iD depends on SVG for drawing map features, displaying tiles, and a model upon which to build complex interactions.

In the process of building it, we’ve learned a lot about SVG’s performance equation - and it’s time to share some of this. A lot of this is taken from, a sort of developer-journal which has grown over the last few weeks.

note that the examples in this post are designed to run around ~30fps in Google Chrome on a fast computer. They’re made to push the limits, so may crash slower browsers on slower machines.

First Steps with SVG

We’re generally using d3 for graphics in iD. It’s a very, very light abstraction layer over SVG - it eliminates the need for manual namespacing, gives a jQuery-like chainable attr setter, and so on.

SVG elements are elements on-page just like HTML elements, with a few differences:

  • There’s no z-index - order in-page is the rendering model
  • SVG has its own transform property, which is different and has difference performance implications than CSS’s transform property.
  • Many CSS styles work with SVG elements, but many do not. Some things we’d think of as styling variables, like the radii of circles, are actually expressed as attributes rather than style rules.
  • SVG has a powerful and possibly awful system of doing inter-references: a <defs> element for definitions which are used by other elements by xlink:ref attributes. For instance, you need to define a <path> in <defs> in order to reference it from a textPath element in your main drawing canvas if you wish to draw text on a path.


There are a few basic goals of any performance tuning task:

SVG’s special moves: g and defs

The basic structure of the map canvas for iD is as follows:

div (supersurface)
  svg (surface)
      path (textPath data)
    g (tilegroup)
    r (vector root)
      g (fill, casing, stroke, text, hit, temp)
        (path, g, marker, etc)

Besides just having more shapes, SVG has different concepts - one is the <g> element, that represents a group. The groups can be very useful, since they can be transformed with the transform attribute: for instance, markers are set up like

<g transform='translate(10, 20)'>
    <image />
    <circle />

SVG’s defs element is another oddball: it defines content that doesn’t show up on screen, but can be used via reference: I’ll mention this later on with textPath as a example. But another usage of defs for this project is making a rect element which is used to clip the vector and tile layers.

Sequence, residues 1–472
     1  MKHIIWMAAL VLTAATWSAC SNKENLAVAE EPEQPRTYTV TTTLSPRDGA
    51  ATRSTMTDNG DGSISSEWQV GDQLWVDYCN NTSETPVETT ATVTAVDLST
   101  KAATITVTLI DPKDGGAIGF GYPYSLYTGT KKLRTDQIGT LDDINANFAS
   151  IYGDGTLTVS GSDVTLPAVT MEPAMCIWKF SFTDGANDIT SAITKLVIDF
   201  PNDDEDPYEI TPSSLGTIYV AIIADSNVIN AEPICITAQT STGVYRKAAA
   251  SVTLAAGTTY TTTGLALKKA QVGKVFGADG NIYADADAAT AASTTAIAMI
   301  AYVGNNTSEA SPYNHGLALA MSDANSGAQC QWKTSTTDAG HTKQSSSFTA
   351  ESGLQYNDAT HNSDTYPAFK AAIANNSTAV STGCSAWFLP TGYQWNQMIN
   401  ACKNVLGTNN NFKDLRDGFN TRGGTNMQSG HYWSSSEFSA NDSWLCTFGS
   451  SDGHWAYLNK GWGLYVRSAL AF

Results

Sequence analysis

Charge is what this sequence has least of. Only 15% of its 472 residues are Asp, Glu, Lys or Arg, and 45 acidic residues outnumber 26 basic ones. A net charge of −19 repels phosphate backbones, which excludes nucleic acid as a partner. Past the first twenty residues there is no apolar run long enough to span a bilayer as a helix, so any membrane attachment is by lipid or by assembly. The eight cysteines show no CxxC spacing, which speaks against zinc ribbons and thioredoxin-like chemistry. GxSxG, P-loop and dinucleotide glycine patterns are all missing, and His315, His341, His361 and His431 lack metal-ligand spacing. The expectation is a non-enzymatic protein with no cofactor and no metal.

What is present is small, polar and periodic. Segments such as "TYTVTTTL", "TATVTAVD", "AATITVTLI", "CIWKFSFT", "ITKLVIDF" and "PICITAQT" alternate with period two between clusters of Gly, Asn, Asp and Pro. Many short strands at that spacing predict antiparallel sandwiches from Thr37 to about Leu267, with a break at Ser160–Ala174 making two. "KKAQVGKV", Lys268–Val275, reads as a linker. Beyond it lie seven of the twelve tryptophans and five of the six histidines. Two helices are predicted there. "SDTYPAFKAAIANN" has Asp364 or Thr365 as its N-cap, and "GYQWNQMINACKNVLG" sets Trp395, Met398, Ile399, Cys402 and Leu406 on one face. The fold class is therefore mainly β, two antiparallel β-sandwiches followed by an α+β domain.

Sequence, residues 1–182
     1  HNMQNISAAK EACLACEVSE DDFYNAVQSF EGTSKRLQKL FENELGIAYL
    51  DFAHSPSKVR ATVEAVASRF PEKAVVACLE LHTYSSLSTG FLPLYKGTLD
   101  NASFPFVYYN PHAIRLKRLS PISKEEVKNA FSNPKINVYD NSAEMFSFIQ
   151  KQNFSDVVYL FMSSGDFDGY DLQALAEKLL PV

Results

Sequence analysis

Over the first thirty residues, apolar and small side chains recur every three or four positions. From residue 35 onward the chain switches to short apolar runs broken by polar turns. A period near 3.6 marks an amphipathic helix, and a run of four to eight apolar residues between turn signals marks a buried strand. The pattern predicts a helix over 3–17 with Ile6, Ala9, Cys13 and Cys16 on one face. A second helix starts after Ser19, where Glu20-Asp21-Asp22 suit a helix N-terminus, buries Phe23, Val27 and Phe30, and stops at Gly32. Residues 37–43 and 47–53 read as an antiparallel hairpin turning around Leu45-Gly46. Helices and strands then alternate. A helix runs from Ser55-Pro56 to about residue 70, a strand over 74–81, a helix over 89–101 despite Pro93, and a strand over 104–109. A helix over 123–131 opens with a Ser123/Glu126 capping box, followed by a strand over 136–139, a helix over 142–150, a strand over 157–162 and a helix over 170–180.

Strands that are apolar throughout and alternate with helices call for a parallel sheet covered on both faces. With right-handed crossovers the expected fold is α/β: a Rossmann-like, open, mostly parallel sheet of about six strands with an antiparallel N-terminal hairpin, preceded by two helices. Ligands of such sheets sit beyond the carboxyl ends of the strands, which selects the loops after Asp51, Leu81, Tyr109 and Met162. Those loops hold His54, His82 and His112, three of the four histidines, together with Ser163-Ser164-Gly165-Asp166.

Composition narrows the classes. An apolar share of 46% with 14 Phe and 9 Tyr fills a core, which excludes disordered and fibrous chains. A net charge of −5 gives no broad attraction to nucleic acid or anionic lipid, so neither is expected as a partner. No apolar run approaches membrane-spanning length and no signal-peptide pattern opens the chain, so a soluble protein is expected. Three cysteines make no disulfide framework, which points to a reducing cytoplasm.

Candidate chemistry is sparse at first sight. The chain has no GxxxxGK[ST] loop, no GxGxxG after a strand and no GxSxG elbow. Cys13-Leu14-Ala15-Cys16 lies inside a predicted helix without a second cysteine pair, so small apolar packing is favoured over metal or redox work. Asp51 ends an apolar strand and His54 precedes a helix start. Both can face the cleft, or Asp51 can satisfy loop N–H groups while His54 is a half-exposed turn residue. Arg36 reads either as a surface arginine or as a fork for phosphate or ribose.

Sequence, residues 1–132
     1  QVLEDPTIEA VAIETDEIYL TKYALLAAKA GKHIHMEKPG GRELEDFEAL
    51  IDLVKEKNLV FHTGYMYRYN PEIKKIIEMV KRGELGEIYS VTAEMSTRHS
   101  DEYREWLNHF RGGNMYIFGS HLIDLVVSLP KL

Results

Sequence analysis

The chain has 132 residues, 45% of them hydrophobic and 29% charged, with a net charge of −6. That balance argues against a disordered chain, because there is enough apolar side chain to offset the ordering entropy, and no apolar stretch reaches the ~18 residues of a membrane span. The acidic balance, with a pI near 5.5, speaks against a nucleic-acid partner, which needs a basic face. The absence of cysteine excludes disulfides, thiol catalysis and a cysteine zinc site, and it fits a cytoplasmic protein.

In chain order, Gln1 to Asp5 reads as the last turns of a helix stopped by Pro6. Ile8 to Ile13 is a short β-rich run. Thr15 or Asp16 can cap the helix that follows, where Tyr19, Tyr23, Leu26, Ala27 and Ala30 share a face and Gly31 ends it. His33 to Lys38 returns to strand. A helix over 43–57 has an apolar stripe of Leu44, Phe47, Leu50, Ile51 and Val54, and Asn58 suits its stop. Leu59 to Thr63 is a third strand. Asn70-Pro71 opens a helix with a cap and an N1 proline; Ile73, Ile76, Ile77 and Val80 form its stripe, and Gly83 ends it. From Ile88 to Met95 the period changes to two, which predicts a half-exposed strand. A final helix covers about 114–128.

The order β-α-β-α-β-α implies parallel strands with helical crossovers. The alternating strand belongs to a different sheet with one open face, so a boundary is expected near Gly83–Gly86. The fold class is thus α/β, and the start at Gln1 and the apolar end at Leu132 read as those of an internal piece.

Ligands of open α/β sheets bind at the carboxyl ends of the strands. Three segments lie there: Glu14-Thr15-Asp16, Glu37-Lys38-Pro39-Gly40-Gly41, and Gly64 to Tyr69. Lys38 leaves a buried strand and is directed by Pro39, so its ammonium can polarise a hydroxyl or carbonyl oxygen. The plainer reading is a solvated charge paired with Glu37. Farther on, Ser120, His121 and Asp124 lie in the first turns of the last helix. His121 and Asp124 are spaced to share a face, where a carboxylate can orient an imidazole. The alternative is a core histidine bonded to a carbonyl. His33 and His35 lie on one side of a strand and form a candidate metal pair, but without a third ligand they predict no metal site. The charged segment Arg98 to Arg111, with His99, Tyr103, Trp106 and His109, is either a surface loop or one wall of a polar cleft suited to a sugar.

CSS Transforms are a big boost - sometimes.

For panning the map, transforms seemed to be the main solution - they allow simple pan behaviors to be carried out on a single element, and in a way that doesn’t require a browser to recalculate individual element positions.

However, early results were not encouraging - CSS transforms, even of the ‘hardware accelerated’ 3D variety - are not accelerated in Google Chrome when used with SVG elements - they have the same performance profile as SVG attribute transforms.

The answer is to transform HTML elements, which does trigger fast code in Google Chrome. In iD we do this by transforming a ‘surface’ element (the SVG parent) of the map instead of the group (<g>) elements that make up the tile surface and vector surface.

(update: these now compensate for different vendor prefixes for the transform CSS property)

Rounded pixels give a boost

Vladimir brought up this one and I didn’t expect it to be a significant bump, since SVG is vectorized, I assumed that it wouldn’t have raster-pixel bumps like Canvas does. However, it is a boost, and not just because of the shorter string length of d attributes - rounding and outputting long fixed-point numbers is also faster than non-rounded values. This is about a 20% improvement in testing.

Markers along a path

One of the features we need in iD is an indication of roads that are one-way, and which way they are going.

SVG has some built-in functionality for this purpose - you can define a marker in a defs element and use it on path elements with marker-mid and so on. Unfortunately, this doesn’t cut it, since OSM paths have an extremely variable number of vertices - some straight lines have hundreds of vertices, some have only a few, and would be very sparsely labeled.

Our current solution to this is to use a textPath with a glyph - a right-facing triangle. Here’s what it looks like in a standalone demo.

First, determine the size of an arrow - how many pixels it occupies from left to right on a path:

var arrow = svg.append('text').text('►');
var alength = arrow.node().getComputedTextLength();

Then getTotalLength lets you get the pixel-length of a path, and you can then use multiplication & letter spacing to distribute just enough markers for the path:

tp.attr('letter-spacing', alength * 2)
    .attr('xlink:href', '#p').text(function() {
        return (new Array(Math.floor(
            path.node().getTotalLength() / alength / 2)))

Update: I noticed that this example is broken in Firefox. This is due to the following (also noted on the example page):

The original version of this failed because Firefox does not support letter-spacing on SVG elements. The second version failed because it has a bug in getComputedTextLength. The third failed because it does not preserve space according to xml:space.

Needless to say, Firefox is not the main target for iD testing because of a buggy and incomplete implementation of SVG relative to WebKit.

Devlogging work on the OpenStreetMap project by the MapBox team.

Much of this work is currently focused on improvements to OpenStreetMap funded by the Knight Foundation

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